Friday, June 12, 2009

Is there Such a Thing as "Just" Discrimination?

Simon Sarmiento over at Thinking Anglicans posted a fine discussion of this issue, raised by the Roman Catholic Church and other churches over Britain's proposed new Anti-discrimination Laws.

I hear complaints about "political correctness" and Affirmative Action all the time.   And yet, I hear few complaints about legacy admissions and old boy networks that are the enduring  systems of "affirmative action" for white men.  The most famous beneficiary of those systems is the former President GW Bush.  How many sheet metal workers, or their children, could get into Harvard or Yale with a C average?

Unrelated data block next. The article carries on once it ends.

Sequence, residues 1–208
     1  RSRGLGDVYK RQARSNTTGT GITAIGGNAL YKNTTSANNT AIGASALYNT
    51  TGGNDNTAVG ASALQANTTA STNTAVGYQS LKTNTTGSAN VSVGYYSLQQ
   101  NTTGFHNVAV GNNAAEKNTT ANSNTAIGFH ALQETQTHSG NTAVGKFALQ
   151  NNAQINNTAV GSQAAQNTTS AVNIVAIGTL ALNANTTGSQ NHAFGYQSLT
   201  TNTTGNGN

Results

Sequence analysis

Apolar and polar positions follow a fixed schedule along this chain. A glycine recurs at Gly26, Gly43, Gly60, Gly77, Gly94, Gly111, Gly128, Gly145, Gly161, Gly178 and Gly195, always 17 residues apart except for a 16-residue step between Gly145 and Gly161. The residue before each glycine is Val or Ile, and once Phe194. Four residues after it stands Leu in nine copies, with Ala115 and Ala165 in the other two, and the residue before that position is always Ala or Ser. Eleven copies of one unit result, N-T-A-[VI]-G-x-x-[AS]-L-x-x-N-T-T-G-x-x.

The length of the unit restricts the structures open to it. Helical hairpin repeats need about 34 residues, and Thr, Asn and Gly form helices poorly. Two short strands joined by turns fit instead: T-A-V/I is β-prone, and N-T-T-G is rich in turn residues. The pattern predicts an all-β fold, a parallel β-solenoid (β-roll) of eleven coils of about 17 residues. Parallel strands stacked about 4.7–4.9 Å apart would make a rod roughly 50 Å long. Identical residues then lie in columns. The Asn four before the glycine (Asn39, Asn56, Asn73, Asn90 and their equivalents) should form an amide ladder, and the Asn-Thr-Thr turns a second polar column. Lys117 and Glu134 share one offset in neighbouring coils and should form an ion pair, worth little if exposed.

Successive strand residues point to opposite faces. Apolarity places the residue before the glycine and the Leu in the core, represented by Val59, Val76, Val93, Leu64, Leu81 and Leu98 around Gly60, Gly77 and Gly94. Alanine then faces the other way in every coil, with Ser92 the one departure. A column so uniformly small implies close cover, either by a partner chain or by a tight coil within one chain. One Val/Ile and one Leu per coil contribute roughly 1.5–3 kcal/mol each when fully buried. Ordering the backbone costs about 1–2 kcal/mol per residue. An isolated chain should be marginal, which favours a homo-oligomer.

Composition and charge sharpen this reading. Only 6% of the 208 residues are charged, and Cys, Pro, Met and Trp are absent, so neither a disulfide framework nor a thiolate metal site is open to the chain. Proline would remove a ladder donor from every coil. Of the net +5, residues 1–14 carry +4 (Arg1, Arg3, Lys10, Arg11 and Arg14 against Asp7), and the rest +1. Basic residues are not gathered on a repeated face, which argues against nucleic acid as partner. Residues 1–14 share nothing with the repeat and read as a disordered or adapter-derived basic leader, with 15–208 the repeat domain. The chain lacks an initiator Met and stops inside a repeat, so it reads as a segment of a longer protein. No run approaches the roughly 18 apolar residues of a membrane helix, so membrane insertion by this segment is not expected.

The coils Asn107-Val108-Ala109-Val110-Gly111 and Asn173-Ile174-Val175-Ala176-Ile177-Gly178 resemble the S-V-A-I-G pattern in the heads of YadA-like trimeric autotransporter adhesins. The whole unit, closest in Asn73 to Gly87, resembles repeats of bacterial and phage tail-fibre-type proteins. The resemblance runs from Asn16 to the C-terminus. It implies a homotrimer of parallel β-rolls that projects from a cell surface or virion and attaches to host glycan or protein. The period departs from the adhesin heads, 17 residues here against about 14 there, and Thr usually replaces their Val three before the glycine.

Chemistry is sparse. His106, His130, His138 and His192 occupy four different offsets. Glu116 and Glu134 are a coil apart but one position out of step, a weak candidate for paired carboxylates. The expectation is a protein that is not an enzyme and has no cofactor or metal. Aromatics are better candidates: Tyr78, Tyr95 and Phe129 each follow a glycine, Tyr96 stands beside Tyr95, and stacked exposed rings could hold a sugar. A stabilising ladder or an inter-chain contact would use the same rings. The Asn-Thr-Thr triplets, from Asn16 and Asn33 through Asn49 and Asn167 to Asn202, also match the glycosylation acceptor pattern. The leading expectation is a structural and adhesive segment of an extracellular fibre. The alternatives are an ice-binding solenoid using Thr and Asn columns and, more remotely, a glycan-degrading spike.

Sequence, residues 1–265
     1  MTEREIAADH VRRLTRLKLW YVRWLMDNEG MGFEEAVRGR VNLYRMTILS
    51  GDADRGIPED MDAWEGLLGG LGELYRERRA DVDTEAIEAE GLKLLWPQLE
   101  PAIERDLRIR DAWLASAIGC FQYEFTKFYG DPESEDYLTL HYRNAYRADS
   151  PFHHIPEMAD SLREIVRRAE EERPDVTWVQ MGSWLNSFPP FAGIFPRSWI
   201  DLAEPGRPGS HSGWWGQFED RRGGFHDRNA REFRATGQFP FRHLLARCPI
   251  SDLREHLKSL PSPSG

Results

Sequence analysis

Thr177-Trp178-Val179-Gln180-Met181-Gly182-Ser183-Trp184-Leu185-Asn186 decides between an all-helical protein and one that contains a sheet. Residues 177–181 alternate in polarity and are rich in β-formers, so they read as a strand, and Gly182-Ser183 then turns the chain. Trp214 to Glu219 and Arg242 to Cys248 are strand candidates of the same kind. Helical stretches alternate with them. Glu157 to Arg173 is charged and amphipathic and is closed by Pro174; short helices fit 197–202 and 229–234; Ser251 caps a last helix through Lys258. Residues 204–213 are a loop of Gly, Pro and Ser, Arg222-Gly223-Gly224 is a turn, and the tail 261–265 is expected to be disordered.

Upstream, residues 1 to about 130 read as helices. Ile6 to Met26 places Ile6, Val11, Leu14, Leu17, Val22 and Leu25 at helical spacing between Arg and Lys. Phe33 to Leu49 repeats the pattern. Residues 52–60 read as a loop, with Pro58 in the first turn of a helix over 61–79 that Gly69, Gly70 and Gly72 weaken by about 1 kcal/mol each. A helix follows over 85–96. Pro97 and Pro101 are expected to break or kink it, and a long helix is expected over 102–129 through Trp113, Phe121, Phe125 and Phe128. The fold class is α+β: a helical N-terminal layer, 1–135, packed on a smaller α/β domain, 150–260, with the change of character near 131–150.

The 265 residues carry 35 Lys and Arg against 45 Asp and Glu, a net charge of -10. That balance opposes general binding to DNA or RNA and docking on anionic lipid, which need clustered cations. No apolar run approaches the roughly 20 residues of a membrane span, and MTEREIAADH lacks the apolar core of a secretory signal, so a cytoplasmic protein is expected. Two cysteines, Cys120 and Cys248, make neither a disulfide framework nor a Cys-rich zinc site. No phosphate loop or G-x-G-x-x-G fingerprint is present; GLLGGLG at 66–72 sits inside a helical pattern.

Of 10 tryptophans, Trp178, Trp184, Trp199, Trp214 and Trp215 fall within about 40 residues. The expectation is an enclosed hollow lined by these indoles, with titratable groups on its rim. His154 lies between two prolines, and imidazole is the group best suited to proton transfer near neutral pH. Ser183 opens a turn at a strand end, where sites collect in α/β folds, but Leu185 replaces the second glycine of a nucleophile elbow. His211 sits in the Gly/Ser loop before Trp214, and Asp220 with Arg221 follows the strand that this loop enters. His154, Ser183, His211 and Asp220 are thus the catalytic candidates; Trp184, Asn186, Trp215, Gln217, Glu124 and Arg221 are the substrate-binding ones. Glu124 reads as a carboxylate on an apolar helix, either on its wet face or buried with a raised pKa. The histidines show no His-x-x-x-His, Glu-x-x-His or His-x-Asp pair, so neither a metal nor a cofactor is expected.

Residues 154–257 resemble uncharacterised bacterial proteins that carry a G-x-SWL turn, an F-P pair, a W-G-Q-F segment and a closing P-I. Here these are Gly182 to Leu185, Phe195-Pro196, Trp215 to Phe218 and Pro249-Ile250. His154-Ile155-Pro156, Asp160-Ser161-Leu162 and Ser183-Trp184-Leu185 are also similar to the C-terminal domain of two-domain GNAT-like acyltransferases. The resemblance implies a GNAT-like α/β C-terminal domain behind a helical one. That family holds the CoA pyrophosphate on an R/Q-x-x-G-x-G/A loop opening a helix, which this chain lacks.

I knew a young man who graduated from Columbia with honors, and who was definitely not from a privileged background (father was a mentally ill Vietnam vet, mother was a Mexican cleaning lady), who always said that about a third of all the students at Columbia were there only because their parents could pay the tuition bill and pull strings.  That story is probably true at most prestigious universities.

Until those old systems of entrenched privilege are eliminated from academic and professional life, complaints about "affirmative action" will continue to fall on my deaf ears.

No one chooses the circumstances into which they are born.  The playing field of opportunity is not, and never was, level.  As far as I am concerned, the only permissible discrimination is the self-selection of merit and character.  Everything else is just so much arbitrary privilege.  I think it's a safe bet that 3/4 of the world's ruling elite only won the lottery.  

1 comment:

Göran Koch-Swahne said...

So true. The playing field is never ever level.

Just think of me, who though adopted, is part of a line that stretches through 1200 years.

Counts and Princes and their "natural" children (who officially count for nothing... but still remain rich ;=)